Lambrequin style window treatments

One of the most traditional styles of valence is the lambrequin. And up until recently, they’ve gotten a bad rap. No longer associated with stuffy, over-decorated rooms, they’ve been popping up in the spaces of some of our favorite interior designers in the past few years. So what’s the difference between a valance and a lambrequin? A valence is the general term people use to describe a window treatment that covers the top of a window. The lambrequin is a valence that comes down further on each side of the window, and often has a curvy, sculptural shape to it. Lambrequins are also usually stand-alone window treatments (no shades or blinds beneath!). We love using lambrequins in our own projects because of their whimsical scallop edges (they can add architectural interest to boring windows) and they’re a great alternative to fabric heavy (read: expensive), curtain panels. We’re in the process of making four lambrequin valences for a client’s dining room–we can’t wait to show you the finished product! Here is one of the lambrequins in progress at our upholster’s work room:A page of lambrequin shapes from The Encyclopedia of Window Fashions–a great reference book if you don’t already have it! We created our own design above, but it is of course based on the forms below. Lambrequins at the Greenbrier Hotel in West Virginia. We love how exaggerated and almost cartoonish these are…Lambrequins and intricate valences were a signature of legendary interior designer David Hicks. This is a room of his below, designed in the 1970s–we still reference it today!Featured in Architectural Digest, the designers of Brockschmidt & Coleman layered beautiful sheers behind these lambrequins. Interior designer Miles Redd is a big fan of the lambrequin. We’ve always loved the way he used red tape to accentuate the curves of the window treatment. Redd’s protegé, Nick Olsen, is also fond of the lambrequin. We’re always amazed by the cyclical nature of interior design trends, and delight in seeing modern designers’ interpretations of a classic form.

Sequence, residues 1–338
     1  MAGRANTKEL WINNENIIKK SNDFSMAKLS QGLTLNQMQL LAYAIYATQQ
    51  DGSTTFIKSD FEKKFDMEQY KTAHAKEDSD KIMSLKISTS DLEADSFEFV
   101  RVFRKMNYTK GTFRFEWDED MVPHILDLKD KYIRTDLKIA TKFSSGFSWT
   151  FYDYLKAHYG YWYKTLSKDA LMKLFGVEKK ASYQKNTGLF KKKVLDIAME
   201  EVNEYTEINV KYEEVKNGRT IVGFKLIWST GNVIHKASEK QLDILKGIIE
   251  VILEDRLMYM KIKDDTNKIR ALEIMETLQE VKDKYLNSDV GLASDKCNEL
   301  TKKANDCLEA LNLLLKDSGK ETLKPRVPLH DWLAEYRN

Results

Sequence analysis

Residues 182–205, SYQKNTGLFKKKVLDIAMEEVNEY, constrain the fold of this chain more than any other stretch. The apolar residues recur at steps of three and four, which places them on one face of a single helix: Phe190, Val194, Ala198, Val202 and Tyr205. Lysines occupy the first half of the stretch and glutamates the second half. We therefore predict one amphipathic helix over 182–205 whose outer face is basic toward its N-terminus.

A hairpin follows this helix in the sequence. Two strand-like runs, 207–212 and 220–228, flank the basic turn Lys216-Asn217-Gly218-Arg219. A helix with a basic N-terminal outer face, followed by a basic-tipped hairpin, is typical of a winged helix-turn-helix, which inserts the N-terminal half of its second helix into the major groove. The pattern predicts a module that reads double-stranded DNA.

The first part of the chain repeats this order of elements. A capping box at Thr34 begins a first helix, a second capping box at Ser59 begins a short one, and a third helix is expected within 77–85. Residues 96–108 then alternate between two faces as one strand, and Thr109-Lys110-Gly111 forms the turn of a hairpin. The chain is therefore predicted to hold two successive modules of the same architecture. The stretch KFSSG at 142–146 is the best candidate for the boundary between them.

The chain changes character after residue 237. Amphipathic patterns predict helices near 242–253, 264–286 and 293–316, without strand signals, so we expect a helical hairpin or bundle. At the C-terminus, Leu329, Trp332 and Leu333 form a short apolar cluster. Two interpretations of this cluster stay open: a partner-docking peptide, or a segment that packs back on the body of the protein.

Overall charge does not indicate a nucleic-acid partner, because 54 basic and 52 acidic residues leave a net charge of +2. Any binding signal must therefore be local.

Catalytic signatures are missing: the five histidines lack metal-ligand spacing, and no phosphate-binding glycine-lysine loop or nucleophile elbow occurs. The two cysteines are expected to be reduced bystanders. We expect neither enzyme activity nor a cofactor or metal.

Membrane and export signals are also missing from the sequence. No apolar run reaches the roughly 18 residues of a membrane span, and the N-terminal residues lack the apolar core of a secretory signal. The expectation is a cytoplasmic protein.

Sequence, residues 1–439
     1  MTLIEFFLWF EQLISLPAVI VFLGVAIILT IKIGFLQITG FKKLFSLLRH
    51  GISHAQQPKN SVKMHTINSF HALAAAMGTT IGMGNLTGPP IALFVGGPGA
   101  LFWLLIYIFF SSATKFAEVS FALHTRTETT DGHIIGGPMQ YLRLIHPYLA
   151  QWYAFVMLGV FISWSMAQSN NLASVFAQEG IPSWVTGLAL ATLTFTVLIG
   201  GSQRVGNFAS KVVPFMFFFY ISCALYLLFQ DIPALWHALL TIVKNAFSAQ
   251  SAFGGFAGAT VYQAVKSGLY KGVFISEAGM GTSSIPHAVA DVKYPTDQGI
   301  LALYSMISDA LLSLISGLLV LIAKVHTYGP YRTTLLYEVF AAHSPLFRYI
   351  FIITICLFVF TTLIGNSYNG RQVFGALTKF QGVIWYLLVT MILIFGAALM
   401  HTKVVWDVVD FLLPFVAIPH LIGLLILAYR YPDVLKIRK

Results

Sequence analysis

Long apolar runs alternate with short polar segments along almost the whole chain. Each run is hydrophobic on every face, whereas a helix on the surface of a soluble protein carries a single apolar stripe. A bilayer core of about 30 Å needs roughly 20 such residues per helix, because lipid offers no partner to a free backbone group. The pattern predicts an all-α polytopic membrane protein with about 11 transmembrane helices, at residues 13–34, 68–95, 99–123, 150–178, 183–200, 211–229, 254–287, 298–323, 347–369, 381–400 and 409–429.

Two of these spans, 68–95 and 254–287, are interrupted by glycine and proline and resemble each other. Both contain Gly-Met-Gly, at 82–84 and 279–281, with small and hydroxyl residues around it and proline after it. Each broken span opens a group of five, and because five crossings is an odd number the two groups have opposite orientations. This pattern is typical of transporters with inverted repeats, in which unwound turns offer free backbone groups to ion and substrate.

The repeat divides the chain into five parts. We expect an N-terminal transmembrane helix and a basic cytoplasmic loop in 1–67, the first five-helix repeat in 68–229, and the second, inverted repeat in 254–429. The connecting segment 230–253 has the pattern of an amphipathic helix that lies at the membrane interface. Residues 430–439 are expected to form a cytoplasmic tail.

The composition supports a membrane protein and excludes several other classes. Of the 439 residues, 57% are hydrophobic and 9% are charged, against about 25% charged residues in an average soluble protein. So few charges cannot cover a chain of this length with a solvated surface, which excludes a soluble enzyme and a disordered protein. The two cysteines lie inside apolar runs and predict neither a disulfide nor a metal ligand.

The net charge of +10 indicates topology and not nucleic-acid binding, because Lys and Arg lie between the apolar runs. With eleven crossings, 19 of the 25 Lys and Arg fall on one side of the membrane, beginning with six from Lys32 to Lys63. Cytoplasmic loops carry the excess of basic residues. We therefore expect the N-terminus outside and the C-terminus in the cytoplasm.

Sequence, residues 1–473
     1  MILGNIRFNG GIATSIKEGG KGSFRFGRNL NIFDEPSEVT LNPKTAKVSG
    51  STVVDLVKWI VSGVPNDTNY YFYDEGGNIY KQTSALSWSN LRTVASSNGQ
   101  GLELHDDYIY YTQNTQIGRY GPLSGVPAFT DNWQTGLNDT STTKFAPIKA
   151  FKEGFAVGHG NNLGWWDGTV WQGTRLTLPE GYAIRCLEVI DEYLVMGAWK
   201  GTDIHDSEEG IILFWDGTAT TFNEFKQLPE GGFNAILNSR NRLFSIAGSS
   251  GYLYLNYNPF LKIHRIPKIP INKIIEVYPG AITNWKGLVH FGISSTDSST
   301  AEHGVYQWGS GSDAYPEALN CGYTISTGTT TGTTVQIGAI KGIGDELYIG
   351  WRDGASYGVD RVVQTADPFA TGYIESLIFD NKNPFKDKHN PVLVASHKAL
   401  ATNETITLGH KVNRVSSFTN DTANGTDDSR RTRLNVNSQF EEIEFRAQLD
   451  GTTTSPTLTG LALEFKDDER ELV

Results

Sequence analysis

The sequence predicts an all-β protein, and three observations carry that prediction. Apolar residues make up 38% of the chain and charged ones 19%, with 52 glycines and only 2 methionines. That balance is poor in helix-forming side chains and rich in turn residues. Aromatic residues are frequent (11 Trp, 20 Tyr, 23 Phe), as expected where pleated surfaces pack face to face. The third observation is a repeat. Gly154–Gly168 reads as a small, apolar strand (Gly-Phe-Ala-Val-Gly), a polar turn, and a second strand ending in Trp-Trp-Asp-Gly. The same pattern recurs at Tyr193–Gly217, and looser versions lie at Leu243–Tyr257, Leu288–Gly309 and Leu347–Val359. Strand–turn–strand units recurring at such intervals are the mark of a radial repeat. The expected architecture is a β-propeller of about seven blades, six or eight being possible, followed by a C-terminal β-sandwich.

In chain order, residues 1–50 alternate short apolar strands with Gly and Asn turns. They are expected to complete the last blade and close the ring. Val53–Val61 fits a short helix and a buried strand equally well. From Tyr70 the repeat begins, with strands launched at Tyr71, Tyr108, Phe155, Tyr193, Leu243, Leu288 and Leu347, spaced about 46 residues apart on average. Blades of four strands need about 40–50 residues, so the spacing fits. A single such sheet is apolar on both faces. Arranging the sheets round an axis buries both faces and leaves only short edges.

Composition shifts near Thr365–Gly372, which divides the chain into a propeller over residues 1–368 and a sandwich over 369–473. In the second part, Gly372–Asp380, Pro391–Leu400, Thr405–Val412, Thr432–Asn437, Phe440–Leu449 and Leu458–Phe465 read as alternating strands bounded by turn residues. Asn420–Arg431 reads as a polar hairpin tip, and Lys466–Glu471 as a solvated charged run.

There are so many incredible sources of inspiration available to designers with the advent of Pinterest, Instagram, and the thousands of blogs that allow you to access images from all over the world. It can be overwhelming though, and coming up with new ideas can sometimes feel daunting and downright impossible. Whenever we’re feeling creatively tapped out, we remind ourselves of this quote from Jim Jarmusch: “Nothing is original. Steal from anywhere that resonates with inspiration or fuels your imagination. Devour old films, new films, music, books, paintings, photography, poems, dreams, random conversations, architecture, bridges, street signs, trees, clouds, bodies of water, light and shadows. Select only things to steal from that speak directly to your soul. If you do this, your work (and theft) will be authentic. Authenticity is invaluable; originality is non-existent.”  At the end of the day, it’s true what Jean-Luc Godard said, “It’s not where you take things from–it’s where you them to.” What do you think about this argument? Are we all just a bunch of copy cats recycling someone else’s ideas? And how does that idea translate to the decoration of your home? Food for thought on this Monday morning!

  • Hillary Butler {Fine Art}

    I am seriously chewing on that quote. If you steal enough good inspiration your work becomes authentic. Hmmmm. The part that I think is so radical is,”Authenticity is invaluable; originality is non-existent.” I think I rather like it!

  • Sarah

    Lambrequin style treatments should be used more often. They are so chic and really unique in today’s interiors. Love!

  • Edilberto Durano

    I agree, Sarah. They have simple concepts and complex ones too. Interior designs such as Lambrequin deserves to be a trend! Ed of